Seven-year-old Grayson Feith kicked the ball into the goal, and the crowd went wild. It could have been the first goal Grayson has ever made, but that’s not the reason the crowd was cheering. Grayson didn’t win the game with his kick either.
Grayson has autism and doesn’t get many opportunities to participate in soccer camps. The crowd was cheering because, this day, Grayson was able to participate in a soccer camp. And, during the camp, he had a chance to score a goal, and he nailed it.
“We have the children who are not invited to birthday parties or play dates,” Grayson’s mother, Kathryn, said. “They learn social skills in ABA (Applied Behavioral Analysis) therapy, but have no chance to practice them.”
In ABA therapy, a child learns skills (social skills, communication skills, and others) by breaking the skills into small tasks. The child’s ABA therapist rewards the child when he or she successfully completes a step.
Grayson was among 12 children from Project Hope in Greenwood and Bridging the Gap in Greenville who recently made their way to PC for a one-day soccer camp. They had a chance to practice social skills and learn the basics of the sport from members of PC’s men’s and women’s soccer teams.
The crowd who cheered him and the other children on that day included the children themselves, their parents, ABA therapists, and 12 members of PC’s soccer teams.
Not many of the children had ever kicked a soccer ball, let alone attend a camp at a Division I school. Kathryn’s son Grayson and PC history professor Dr. Stefan Wiecki’s son are both members of the same Cub Scout pack in Greenwood. After one of the meetings, Kathryn mentioned that Grayson wanted to try soccer, but most soccer clubs seemed to be too competitive and team-oriented.
“A,t some point, when talking with Stefan, I realized that PC had student-athletes and a service-oriented culture,” Kathryn said, “so I mentioned the idea of a soccer camp for children with autism to him.”
Wiecki was on board from the start. He passed the idea along to Samantha Fink, who is one of his advisees and No. 21 on the women’s soccer team.
“Sam was right away very supportive of the idea,” Wiecki said.
After talking with her teammates and players on the men’s soccer team, Fink found more than enough volunteers to make the camp a reality. Kathryn got in touch with teachers and parents of children at Project Hope and Bridging the Gap. According to Kathryn, both groups were excited about the camp.
“I have met many other families as we have dealt with trying to obtain services and find resources. Most would love their children to be involved in activities, but have trouble finding activities that are willing to accommodate the needs of their children,” Kathryn said.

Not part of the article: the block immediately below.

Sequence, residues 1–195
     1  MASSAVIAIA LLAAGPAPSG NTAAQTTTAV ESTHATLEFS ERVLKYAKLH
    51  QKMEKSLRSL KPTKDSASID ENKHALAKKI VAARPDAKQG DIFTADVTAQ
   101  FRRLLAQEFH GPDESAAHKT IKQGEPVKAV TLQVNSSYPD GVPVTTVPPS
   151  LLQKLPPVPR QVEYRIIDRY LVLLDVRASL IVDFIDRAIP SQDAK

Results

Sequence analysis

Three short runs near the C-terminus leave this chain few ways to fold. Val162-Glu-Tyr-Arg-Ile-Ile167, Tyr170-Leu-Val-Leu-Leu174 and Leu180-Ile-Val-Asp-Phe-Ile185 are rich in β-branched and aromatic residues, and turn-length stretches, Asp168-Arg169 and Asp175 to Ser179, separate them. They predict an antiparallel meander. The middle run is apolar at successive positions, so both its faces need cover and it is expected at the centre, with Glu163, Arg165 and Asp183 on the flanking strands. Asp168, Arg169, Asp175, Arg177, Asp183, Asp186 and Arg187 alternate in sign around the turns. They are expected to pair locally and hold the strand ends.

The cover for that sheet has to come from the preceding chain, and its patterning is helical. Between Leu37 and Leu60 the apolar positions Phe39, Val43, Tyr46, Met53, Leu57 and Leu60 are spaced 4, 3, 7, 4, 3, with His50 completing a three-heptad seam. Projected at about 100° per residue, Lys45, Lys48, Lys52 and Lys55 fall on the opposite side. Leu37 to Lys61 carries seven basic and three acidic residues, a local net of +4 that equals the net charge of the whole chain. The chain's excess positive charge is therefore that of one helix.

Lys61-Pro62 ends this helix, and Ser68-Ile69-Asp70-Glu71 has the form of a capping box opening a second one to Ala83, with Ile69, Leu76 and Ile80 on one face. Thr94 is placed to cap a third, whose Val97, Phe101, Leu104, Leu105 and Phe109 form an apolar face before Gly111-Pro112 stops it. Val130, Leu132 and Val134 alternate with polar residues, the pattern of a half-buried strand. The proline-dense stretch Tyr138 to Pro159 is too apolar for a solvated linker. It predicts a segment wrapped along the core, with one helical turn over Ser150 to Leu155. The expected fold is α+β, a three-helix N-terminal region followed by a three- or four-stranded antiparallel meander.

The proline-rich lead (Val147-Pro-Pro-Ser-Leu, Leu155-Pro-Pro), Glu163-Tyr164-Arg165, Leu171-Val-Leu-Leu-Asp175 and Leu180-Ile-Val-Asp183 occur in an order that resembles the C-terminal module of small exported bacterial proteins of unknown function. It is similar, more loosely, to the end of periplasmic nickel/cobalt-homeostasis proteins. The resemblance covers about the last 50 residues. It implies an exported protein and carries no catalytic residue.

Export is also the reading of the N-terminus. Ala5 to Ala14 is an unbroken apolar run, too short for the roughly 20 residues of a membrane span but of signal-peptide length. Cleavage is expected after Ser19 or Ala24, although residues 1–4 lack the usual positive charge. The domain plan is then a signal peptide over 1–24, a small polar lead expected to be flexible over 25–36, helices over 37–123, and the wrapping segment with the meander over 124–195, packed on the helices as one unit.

“Most no longer attend church because our children can’t be quiet during the service or can’t handle the music or the teachers don’t want to deal with them.”
But PC’s soccer field provided the space the children needed for a less-structured time, according to Niki Porter, a case supervisor with Project Hope.
“The soccer camp was their therapy for the day,” she said.
The children were free to play on the field and in the bleachers, and the teachers and parents were free from worrying about what might go wrong.
“Some of our families would never take their kid out to a soccer camp because they don’t know what it would be like,” Porter said. “This camp was a really cool way for them to practice doing things in a group and for their parents to see that having a soccer camp with a shadow wouldn’t be so bad.”
Each child’s ABA therapist was there to help throughout the day. According to Porter, the children benefited most from listening to the players on the soccer teams.
“For them to hear instruction from players is nice because they spend all day with us,” Porter said. “It’s nice for the children to learn from other adults who are teaching them.”
This social interaction helps the children understand that they can listen to others when they’re away from the typical ABA setting. Kathryn attended an autism conference recently and heard young adults on the spectrum say over and over how they wished they had more opportunities for social interactions.
“They all said they figured out the academics, but still didn’t know how to interact with people,” Kathryn said. “I am very grateful and excited that PC has been not only willing to try but was excited and enthusiastic to welcome the children to campus.”
The children practiced with others, and they learned soccer skills too. PC soccer players taught the children soccer drills that they practice themselves. Fink led the children in the passing drill, one in which soccer players kicked balls back and forth with the soccer newcomers. The children loved lining up at midfield to practice.
The PC soccer players taught the children how to control the ball in the dribbling drill. Some children dribbled the ball from one end of Edens Field all 120 yards to the other end.
In everyone’s favorite, the children lined up and practiced kicking the ball into the goal. Each time a goal was scored, the children’s proud parents and ABA therapists cheered so loudly you would have thought they won a championship that day.
“It was a joy to give these kids an opportunity to play a sport that’s so close to my heart,” Fink said.